Glucosamine for arthritis, probiotics for tummy troubles, multivitamins for nose-to-tail wellness: The pet store is looking more and more like a drugstore as people search for natural ways to care for the health of their furry family members. Unfortunately, the quality of nutritional supplements for pets can be hit or miss. Because pet supplements are not subject to the U.S. Food and Drug Administration approval process and there are no regulations governing specific product formulations, there's no way of knowing whether a particular product is free of dangerous contaminants, or whether the amount of active ingredients it contains is too little, too much or just right.
How can you know if the product you're giving your pet is safe and effective? First — before you buy — discuss the supplement and potential adverse side effects with your vet. If you do decide to try supplements, use the ACCLAIM system to guide your choices-the same system used by veterinarians. Each supplement you're considering should have:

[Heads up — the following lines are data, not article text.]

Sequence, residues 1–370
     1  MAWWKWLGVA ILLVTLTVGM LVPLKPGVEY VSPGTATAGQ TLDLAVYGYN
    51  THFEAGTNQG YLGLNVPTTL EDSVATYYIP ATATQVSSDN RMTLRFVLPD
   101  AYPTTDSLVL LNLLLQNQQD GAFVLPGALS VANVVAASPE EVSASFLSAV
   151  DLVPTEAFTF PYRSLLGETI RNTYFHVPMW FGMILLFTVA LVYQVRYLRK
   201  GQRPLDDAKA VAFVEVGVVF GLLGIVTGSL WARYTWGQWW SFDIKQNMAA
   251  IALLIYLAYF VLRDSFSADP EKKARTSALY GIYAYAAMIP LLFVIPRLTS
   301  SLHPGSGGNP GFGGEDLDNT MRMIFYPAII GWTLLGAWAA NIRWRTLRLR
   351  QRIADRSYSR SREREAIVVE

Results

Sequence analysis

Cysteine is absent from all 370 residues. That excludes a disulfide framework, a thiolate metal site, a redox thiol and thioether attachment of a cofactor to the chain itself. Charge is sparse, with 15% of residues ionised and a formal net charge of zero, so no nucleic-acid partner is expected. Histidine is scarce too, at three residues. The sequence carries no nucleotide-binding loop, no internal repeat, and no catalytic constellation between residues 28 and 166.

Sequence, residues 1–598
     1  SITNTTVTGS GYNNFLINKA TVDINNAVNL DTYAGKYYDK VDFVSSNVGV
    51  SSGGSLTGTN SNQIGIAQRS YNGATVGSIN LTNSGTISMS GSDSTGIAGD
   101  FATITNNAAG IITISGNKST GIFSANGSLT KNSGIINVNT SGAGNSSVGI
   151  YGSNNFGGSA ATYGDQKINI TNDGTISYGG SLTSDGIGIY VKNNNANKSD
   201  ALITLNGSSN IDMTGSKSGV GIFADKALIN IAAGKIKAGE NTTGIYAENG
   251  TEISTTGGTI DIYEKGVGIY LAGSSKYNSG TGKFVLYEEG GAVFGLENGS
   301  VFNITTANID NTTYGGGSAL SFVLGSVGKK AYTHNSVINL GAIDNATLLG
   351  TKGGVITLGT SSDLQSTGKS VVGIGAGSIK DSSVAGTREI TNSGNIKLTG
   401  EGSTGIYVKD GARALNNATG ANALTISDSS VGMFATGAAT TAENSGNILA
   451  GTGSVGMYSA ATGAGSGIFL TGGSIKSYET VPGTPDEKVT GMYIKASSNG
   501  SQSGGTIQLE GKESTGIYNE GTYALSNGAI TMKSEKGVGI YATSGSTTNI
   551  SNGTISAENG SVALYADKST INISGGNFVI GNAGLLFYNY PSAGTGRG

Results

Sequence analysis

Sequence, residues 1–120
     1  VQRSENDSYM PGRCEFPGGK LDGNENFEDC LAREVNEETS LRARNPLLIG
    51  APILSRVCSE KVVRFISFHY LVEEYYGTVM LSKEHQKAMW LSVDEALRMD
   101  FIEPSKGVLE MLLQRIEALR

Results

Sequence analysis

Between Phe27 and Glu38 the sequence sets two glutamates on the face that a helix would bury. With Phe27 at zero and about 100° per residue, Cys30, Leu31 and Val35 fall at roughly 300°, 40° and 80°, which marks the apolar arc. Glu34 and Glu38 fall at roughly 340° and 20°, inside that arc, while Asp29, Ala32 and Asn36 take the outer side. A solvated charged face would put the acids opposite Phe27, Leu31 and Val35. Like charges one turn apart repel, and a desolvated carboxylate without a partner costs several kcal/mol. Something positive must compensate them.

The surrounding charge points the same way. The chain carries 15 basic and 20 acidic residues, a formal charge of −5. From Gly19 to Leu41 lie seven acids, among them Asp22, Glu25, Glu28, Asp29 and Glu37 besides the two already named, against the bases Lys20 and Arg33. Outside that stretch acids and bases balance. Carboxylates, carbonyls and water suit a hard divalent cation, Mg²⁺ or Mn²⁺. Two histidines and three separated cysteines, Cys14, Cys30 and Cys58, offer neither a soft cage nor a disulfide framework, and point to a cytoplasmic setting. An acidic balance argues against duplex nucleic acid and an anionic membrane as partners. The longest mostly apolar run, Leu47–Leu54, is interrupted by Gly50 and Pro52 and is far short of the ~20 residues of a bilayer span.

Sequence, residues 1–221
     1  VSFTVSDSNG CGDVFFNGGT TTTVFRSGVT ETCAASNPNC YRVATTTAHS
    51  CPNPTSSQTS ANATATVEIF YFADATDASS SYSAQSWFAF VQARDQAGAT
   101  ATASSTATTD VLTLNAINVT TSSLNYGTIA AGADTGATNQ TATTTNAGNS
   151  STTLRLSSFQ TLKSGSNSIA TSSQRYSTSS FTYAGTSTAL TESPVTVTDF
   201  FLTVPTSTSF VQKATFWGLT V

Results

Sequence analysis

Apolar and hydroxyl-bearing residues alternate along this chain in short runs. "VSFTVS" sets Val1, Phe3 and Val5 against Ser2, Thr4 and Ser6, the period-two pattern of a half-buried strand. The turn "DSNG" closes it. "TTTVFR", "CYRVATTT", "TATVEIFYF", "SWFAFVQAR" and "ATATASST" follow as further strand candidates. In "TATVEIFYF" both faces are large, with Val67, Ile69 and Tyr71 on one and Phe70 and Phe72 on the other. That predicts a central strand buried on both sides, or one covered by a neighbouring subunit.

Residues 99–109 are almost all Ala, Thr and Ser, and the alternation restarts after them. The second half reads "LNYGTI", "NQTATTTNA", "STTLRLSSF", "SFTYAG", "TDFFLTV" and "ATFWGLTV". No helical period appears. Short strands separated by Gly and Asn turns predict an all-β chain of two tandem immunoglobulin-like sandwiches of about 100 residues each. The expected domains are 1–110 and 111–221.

- A company name you recognize.
- Clinical research supporting its effectiveness on the manufacturer's website; look in the section for medical professionals.
- Contents that are clearly indicated on the label.
- Label claims that seem realistic. Claims that sound too good to be true probably are.
- Administration recommendations that are specific and easy to follow.
- Identification of lot on the label (usually near the expiration date) to indicate that the product has been inspected for quality. Despite the fact that there is no government regulation of pet health supplements, individual manufacturers should have a quality surveilance system in place to protect consumers.
- Manufacturer information on the label, including a website and/or customer support contact information.